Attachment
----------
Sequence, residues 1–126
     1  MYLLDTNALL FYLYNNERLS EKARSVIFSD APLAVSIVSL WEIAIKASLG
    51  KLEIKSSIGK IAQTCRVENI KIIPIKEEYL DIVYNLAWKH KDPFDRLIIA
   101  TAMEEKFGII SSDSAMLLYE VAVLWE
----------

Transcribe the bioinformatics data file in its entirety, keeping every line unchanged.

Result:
Sequence, residues 1–126
     1  MYLLDTNALL FYLYNNERLS EKARSVIFSD APLAVSIVSL WEIAIKASLG
    51  KLEIKSSIGK IAQTCRVENI KIIPIKEEYL DIVYNLAWKH KDPFDRLIIA
   101  TAMEEKFGII SSDSAMLLYE VAVLWE